By Greg Hunter’s USAWatchdog.com
Everybody is wondering where all of the bailouts and spending are going to take us? Just a few of the big companies the government has bailed out to keep them from going bankrupt are: General Motors, Chrysler, AIG, Citigroup, Bank of America, Wells Fargo, (all the big banks got some kind of bailout) Fannie Mae and Freddie Mac. According to Pro Publica, 721 companies have received some sort of financial help from the taxpayer. If the economy does not improve, many of these companies will require more money to stay afloat.
There were several stimulus programs. The biggest is the 787 billion dollar spending bill passed by Congress earlier this year. Also, there was “Cash for Clunkers.” It was designed to give people with old gas guzzling vehicles up to $4,500 towards a new fuel efficient model. Remember the $8,000 credit for first time home buyers? It looks like the government is going to extend the program. Let’s not forget the trillions of dollars that the Federal Reserve has given away in secret to the big banks. Congress wants to audit the Fed to find out where the money went and why even foreign banks got a half trillion dollars! Meanwhile, Congress is talking about giving every newborn $500 to fund a retirement account. I kid you not! (Click here for the story.)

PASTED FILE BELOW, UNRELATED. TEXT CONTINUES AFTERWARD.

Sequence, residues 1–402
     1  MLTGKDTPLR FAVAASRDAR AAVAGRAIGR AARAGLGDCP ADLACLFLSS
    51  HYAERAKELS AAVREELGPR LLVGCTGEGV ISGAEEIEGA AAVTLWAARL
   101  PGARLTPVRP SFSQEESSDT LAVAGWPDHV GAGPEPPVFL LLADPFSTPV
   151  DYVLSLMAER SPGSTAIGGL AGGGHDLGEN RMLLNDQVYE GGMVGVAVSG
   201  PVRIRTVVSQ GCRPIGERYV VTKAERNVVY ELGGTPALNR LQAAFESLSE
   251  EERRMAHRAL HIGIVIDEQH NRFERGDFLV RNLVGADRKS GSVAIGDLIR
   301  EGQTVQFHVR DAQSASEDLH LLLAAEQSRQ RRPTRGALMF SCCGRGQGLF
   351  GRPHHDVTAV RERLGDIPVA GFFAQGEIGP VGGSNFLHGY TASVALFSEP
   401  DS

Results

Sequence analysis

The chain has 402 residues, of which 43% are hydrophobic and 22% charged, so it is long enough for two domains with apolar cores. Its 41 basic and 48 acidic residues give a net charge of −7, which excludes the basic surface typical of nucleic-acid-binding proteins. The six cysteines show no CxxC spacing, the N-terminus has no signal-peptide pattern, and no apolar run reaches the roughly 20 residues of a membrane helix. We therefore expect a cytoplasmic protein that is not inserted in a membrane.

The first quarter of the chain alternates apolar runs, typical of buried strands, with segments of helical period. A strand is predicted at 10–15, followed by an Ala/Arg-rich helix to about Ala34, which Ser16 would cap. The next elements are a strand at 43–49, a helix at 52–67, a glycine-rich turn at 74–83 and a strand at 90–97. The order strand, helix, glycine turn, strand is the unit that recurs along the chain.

One respected news source recently claimed we have spent or committed 19 trillion dollars during the financial crisis. Another government source said the final tab for the financial crisis could come in at 23.7 trillion dollars. Who knows how much this will cost? One thing is for sure, the final tab will be big, as in many trillions of dollars. No country in all of history has ever bailed out itself with this much printed money. We are clearly in uncharted territory. We have spent more on the financial crisis than all of these financial expenditures below, combined!
• Marshall Plan: Cost: $12.7 billion, Inflation Adjusted Cost: $115.3 billion
• Louisiana Purchase: Cost: $15 million, Inflation Adjusted Cost: $217 billion
• Race to the Moon: Cost: $36.4 billion, Inflation Adjusted Cost: $237 billion
• S&L Crisis: Cost: $153 billion, Inflation Adjusted Cost: $256 billion
• Korean War: Cost: $54 billion, Inflation Adjusted Cost: $454 billion
• The New Deal: Cost: $32 billion (Est), Inflation Adjusted Cost: $500 billion (Est)
• Invasion of Iraq: Cost: $551b, Inflation Adjusted Cost: $597 billion
• Vietnam War: Cost: $111 billion, Inflation Adjusted Cost: $698 billion
• NASA: Cost: $416.7 billion, Inflation Adjusted Cost: $851.2 billion
TOTAL: $3.92 trillion (Click here for the complete story)
There’s an old saying, “When you find yourself in a hole, stop digging.” But in America, we keep shoveling and piling on the debt. A perfect example of an agency that keeps on digging is the Federal Housing Administration. The FHA is involved in its own version of the bailout game by continuing to make loans to people with very shaky credit. The down payment for its new loans is just 3.5 percent. A recent New York Times article showed the FHA sinking further into trouble in an effort to keep housing prices from falling. The Times said, in part, “The number of F.H.A. mortgage holders in default is 410,916, up 76 percent from a year ago, when 232,864 were in default, according to agency data. Despite the agency’s attempt to outrun its fate by insuring ever-larger amounts of new loans…the current rate is over a billion dollars a day. 7.77 percent of the portfolio is in default, up from 5.6 percent a year ago.